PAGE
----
Run, Pick Corn

Put on old clothes. Get out your largest apron. Set yourself up to work outside. Plan to take a shower afterwards. Get ready for the corn pudding to end all corn puddings.

This pudding contains no eggs, no dairy products, no thickeners. This pudding is just corn, with the merest whisper of butter and a hum of cayenne. According to Shel, Tom, Louise, and Barbara, this pudding is The Best.

I found the recipe here, in the New York Times. It’s so delicious that Shel and I just grated up sixteen more ears of the supersweet white corn we’ve got right now and put the frothy raw grated corn in the freezer.  Sometime, after corn season, I’ll be able to pull out a bag of corn fluff and bake it into the essence of summer.  Good trick, that.

Pure Corn Pudding*

8 ears of really fresh corn, husked
1 Tablespoon butter
salt, cayenne pepper
juice of one lime

Follow all precautionary instructions above.  When you are safely ensconced in the most splash-proof environment available to you, commence grating the corn directly into a medium-sized, which in my world is 9″, cast iron pan. Correct, grate the corn right into the unoiled cast iron pan.

Heat your oven to 350°. Place cast iron pan in the oven and bake until the edges and the top are lightly golden.  The original recipe calls for 20-30 minutes, but I found that in my convection oven it took more like 35-40 minutes.  In any case, don’t let it really get brown.

Remove the pudding from the pan into a serving bowl and stir in the butter, salt, and cayenne. Stir to combine and add half the lime juice and taste the pudding. You deserve a taste anyway. How much lime juice you will need depends on how sweet your corn is. My corn needed one whole lime to balance the intense sweetness. You don’t want to really taste the lime, you just want to take the edge off the sweetness and give it a subtle mystery.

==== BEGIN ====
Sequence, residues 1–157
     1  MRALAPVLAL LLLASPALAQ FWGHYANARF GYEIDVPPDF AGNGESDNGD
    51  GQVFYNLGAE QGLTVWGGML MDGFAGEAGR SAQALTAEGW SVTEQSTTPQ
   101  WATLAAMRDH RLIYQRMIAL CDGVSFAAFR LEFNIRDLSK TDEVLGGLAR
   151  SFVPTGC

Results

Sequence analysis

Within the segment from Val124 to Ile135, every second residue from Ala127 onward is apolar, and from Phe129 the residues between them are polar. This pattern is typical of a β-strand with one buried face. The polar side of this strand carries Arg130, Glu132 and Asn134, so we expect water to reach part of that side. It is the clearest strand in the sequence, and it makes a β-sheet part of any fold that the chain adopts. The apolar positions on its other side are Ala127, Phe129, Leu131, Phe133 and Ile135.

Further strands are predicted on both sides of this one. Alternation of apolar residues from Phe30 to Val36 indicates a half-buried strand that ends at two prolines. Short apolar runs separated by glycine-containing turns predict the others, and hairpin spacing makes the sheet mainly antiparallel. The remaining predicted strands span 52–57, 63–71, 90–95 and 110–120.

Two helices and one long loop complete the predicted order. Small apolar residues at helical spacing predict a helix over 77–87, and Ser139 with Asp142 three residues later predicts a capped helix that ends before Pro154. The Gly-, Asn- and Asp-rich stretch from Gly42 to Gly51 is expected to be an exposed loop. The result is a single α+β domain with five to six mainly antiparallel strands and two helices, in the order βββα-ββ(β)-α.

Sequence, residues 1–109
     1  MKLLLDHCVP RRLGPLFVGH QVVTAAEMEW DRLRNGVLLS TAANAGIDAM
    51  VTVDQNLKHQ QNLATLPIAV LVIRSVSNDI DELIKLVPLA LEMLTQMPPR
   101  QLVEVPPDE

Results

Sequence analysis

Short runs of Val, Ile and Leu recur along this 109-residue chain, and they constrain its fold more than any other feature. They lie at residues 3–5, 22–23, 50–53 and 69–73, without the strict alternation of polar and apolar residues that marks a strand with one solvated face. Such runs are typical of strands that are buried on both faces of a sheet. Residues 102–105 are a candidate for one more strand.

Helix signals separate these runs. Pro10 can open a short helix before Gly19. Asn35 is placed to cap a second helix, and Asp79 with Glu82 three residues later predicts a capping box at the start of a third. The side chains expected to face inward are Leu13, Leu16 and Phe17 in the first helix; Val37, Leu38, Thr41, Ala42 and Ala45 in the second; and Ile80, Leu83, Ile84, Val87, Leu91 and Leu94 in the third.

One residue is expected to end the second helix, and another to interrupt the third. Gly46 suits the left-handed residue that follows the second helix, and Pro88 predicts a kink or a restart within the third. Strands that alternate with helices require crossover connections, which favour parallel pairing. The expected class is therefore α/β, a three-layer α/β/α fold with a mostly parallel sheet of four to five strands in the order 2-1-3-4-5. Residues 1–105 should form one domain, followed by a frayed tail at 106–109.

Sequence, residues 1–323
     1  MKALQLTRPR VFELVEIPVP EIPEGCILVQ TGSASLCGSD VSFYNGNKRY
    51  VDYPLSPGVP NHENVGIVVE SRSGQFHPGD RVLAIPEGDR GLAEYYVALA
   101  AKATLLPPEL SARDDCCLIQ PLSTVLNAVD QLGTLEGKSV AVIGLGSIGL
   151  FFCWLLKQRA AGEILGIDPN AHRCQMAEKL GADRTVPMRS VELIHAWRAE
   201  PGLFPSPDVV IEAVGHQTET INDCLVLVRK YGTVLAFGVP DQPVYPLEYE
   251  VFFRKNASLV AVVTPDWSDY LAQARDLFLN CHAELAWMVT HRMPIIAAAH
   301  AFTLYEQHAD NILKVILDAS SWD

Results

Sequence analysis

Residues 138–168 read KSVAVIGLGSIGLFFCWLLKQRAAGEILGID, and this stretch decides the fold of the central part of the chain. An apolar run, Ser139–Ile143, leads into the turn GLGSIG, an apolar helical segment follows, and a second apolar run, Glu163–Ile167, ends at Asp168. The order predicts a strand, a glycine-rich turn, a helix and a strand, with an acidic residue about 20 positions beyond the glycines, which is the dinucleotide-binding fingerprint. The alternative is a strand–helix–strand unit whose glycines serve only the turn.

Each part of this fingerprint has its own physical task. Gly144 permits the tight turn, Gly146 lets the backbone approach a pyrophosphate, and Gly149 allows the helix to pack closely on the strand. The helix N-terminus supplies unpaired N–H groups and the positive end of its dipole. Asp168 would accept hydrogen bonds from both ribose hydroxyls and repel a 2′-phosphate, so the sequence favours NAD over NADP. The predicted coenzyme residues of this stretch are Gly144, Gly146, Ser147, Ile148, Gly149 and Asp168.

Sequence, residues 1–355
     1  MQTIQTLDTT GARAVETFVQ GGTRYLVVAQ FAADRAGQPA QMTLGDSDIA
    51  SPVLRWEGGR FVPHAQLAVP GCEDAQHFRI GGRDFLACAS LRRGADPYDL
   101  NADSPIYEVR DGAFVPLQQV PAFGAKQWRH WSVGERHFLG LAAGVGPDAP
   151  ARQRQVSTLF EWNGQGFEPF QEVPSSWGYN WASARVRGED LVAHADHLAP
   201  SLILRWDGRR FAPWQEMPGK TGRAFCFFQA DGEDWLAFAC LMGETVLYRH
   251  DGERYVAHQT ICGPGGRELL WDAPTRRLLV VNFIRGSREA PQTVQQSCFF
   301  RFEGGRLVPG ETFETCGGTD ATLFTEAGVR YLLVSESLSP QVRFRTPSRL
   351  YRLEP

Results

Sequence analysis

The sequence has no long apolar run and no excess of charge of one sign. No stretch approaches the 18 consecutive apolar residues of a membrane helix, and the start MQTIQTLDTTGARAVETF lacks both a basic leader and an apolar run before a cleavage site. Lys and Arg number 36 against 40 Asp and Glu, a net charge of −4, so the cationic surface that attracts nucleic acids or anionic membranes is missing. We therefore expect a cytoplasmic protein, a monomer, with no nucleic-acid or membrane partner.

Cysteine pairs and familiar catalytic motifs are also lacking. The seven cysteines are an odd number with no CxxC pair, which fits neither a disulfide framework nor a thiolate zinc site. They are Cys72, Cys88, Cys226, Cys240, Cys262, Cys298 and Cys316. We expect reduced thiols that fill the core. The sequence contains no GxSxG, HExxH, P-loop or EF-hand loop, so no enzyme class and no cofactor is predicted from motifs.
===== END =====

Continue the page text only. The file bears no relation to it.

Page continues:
And as I said, I see no reason why the raw preparation shouldn’t freeze perfectly, and I can’t imagine that the freezing would harm the pudding in any way. Bon appétit !

*adapted from the recipe at http://dinersjournal.blogs.nytimes.com/2011/07/26/the-temporary-vegetarian-the-simplest-corn-pudding/

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7 Comments on “Run, Pick Corn”

  1. Ruthann Says:

    This sounds great; will be making it after I go to market.
    Looking forward to meeting you on the cruise.

  2. Diane Darrow Says:

    Made it tonight for dinner. Lush!

    Four ears — half your recipe — did fine in a smaller cast-iron pan. It was done before the rest of the dishes for the meal, so it sat for a while in the turned-off oven and didn’t object to that at all. Two of us could probably have eaten most of the whole eight ears’ worth.

    Mine didn’t make as much of a mess as you warned us about. Hardly any splattering to speak of. But I grated the corn onto a platter rather than right into the smallish pan, and then scraped it into the pan with a rubber spatula.

    Many thanks for pointing this recipe out; I missed it on the NYT.

  3. Heidi Husnak Says:

    So timely! I just found out that my local farm stand that grows the corn within sight and has the corniest, sweetest corn is closing in October as the farmer passed away. I will be grating some of their incredible corn for a nostalgic treat later in the year. The corn pudding is on the menu for the weekend! Thank you so much.

  4. Stephanie Says:

    Abra,

    Charles and I tried this yesterday. It’s fantastic! Almost like dessert with the corn we used (perhaps I should have added a bit more lime). This is now in the summer line-up. Thanks!